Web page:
Closing the year 2020, Ely won two bronze medals in the state level competition, the 2020 McDonald’s Queensland Championship in Australia, on December 12-18. She won the medals for 100-meter and 200-meter breaststroke. In the 100-meter competition, the 166-centimeter tall swimmer took the third rank after a time record of 1 minute 13.64 seconds. In the 200-meter breaststroke, Ely who has been swimming since the age of three and a half recorded the time of 2 minutes 39.46 seconds.
Now Ely sees international competition as the focus. The best swimmer for the group of age II in the 2019 3rd Indonesian Open Aquatic Championship hopes to be in the national team for the 2021 Vietnam SEA Games and the 2024 Paris Olympic. “There are things to be fixed. Besides mental and physique, experience is very important,” explained Ely, who is prophesied as the new Indonesian swimming queen.
Besides relying on Ely, the management of the Indonesian Swimming Association (PRSI) puts its hope on Azzahra Permatahani to win international competitions. The swimmer who was born on January 7, 2002, is targeted to go through in the 2021 Tokyo Olympic. After earning silver medals in the 2017 and 2019 SEA Games, she set her target on the gold medal. “It it the highest target for now,” said Azzahra when contacted on Tuesday, January 12.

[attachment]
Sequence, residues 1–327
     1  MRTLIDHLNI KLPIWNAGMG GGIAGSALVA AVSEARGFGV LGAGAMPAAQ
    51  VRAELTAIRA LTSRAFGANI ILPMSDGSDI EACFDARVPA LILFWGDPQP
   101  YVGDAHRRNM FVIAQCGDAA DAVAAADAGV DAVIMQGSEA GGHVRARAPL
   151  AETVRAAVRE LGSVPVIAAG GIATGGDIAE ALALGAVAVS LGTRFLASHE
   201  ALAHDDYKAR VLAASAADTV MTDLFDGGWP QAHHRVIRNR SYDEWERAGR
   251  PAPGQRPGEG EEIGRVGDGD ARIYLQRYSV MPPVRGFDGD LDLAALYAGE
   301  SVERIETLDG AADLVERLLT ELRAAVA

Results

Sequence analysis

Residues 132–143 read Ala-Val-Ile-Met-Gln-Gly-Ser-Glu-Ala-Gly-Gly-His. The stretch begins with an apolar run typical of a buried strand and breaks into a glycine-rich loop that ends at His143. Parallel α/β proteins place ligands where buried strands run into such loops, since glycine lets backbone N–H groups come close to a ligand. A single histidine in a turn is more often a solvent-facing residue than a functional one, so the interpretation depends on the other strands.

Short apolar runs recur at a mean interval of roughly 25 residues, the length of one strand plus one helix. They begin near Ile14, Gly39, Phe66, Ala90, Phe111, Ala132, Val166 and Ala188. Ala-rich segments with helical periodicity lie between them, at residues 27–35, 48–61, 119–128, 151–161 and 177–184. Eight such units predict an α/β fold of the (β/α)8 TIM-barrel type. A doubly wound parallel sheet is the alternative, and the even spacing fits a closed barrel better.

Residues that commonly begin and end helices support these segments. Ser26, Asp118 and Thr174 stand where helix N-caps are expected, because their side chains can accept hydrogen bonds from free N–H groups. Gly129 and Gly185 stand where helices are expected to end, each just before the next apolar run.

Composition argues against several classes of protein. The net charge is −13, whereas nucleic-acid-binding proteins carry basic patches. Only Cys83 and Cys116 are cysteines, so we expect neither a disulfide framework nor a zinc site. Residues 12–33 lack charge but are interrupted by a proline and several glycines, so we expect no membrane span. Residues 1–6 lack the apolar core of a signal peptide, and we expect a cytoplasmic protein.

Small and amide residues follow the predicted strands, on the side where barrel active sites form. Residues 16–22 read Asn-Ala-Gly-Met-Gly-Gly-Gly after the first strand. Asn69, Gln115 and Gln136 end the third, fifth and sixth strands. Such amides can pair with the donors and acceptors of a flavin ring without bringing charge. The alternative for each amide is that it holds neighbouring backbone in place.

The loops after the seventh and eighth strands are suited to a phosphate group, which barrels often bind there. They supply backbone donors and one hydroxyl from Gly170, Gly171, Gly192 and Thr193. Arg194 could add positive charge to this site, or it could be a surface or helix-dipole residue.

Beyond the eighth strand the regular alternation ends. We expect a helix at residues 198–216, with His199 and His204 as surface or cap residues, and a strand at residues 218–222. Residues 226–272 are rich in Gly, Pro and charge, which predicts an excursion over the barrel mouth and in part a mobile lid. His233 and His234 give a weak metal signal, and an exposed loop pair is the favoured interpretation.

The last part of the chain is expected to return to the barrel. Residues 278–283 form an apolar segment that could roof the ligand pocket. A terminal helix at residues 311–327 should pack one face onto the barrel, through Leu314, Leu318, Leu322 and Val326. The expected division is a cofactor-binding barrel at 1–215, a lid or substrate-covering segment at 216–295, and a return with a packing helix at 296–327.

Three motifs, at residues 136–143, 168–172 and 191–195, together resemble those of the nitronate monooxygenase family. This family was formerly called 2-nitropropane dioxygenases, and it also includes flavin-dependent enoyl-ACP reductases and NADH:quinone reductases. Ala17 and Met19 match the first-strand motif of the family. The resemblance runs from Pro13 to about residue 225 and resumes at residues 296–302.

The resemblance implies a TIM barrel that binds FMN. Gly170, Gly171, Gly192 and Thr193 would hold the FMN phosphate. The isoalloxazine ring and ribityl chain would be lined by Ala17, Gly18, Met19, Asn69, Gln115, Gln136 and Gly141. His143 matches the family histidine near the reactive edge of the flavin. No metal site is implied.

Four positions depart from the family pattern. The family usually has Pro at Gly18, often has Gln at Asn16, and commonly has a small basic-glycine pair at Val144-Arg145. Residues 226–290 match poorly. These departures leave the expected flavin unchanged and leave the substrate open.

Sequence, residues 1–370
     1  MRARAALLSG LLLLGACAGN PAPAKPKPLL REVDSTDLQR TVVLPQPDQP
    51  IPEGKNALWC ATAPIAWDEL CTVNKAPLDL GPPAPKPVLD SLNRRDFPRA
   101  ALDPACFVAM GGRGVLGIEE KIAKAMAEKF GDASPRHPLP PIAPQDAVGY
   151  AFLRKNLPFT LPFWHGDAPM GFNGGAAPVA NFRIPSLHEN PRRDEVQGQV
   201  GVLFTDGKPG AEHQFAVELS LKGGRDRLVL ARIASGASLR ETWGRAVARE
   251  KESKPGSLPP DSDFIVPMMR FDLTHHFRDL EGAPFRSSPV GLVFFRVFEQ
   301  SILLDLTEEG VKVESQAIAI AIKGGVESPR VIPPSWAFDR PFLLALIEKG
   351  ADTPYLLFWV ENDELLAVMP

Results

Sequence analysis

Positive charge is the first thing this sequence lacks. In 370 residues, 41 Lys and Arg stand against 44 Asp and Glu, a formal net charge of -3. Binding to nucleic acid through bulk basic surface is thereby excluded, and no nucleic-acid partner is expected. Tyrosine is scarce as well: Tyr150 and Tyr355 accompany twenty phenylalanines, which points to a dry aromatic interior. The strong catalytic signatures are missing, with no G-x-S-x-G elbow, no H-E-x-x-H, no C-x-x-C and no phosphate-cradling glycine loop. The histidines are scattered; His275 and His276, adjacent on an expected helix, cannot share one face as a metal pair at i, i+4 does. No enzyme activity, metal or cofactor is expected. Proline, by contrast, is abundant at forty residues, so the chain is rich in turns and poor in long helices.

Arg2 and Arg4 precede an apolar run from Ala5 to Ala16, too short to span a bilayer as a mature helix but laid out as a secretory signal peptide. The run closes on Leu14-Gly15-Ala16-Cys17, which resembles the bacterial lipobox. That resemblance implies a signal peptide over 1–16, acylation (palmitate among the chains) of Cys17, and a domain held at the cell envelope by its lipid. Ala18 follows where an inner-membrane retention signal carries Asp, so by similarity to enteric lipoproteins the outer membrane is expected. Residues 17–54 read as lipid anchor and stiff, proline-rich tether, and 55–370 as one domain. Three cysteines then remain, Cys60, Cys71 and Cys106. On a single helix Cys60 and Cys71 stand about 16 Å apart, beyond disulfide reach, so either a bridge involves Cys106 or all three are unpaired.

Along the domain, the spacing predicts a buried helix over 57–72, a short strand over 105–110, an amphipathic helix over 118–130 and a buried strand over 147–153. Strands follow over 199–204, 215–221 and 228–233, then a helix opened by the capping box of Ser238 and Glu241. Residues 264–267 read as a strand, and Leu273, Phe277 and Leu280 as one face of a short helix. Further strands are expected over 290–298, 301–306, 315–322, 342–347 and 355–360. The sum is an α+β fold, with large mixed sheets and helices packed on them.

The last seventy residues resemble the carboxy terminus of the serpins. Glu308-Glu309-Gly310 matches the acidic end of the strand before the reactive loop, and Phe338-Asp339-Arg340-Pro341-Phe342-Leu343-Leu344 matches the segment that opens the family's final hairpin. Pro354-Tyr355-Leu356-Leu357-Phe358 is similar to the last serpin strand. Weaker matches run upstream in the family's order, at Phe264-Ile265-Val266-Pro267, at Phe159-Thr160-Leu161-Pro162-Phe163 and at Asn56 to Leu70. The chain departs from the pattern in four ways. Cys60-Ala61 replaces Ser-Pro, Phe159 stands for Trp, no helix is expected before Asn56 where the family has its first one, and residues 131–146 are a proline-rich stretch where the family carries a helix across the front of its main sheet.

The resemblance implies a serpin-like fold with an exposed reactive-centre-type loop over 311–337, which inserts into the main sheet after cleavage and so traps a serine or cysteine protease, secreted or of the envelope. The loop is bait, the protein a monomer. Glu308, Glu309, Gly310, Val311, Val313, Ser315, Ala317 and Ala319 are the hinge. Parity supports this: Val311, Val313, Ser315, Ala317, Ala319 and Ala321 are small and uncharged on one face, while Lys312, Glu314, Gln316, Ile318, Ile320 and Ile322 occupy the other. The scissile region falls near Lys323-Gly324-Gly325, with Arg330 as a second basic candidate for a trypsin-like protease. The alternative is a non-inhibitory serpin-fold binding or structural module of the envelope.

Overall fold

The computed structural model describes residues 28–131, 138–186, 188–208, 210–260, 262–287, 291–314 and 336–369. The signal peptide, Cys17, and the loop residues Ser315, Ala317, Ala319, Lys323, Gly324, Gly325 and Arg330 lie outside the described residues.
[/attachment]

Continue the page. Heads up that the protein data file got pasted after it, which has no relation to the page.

It has been a decade since Indonesia has not been able to win the gold medal in the SEA Games from women’s individual category. The last, Yessy Venisia Yosaputra, became the best in 200-meter breaststroke in the 2011 SEA Games in Palembang, South Sumatra. In the subsequent Southeast Asian sports events, Indonesia could only win silver medals. The last silver medal was presented by Azzahra two years ago in the Philippines.
Besides winning SEA Games, the Olympic Tokyo ticket is the 2021 target for the daughter of Hanif Rusjdi and Nunik Mahawati. The biggest challenge from the graduate of Belibis Club Pekanbaru is to restore her physique and stamina after the national training center (Pelatnas) was closed due to Covid-19. “Swimming feels different after two days not being in the water. All the more six months of self training, it really affects me,” she said.
After rejoining Pelatnas in October 2020, Azzahra started to train routinely nine times a week. Each training lasts for two hours. “I train every morning and afternoon,” she said. Training portion is also added by weight training in the gym and muscle strength training using cord—sports equipment in a form of rubber rope—twice a week. “The gym training lasts about one and half hours, while the cord lasts for 30 minutes,” she added.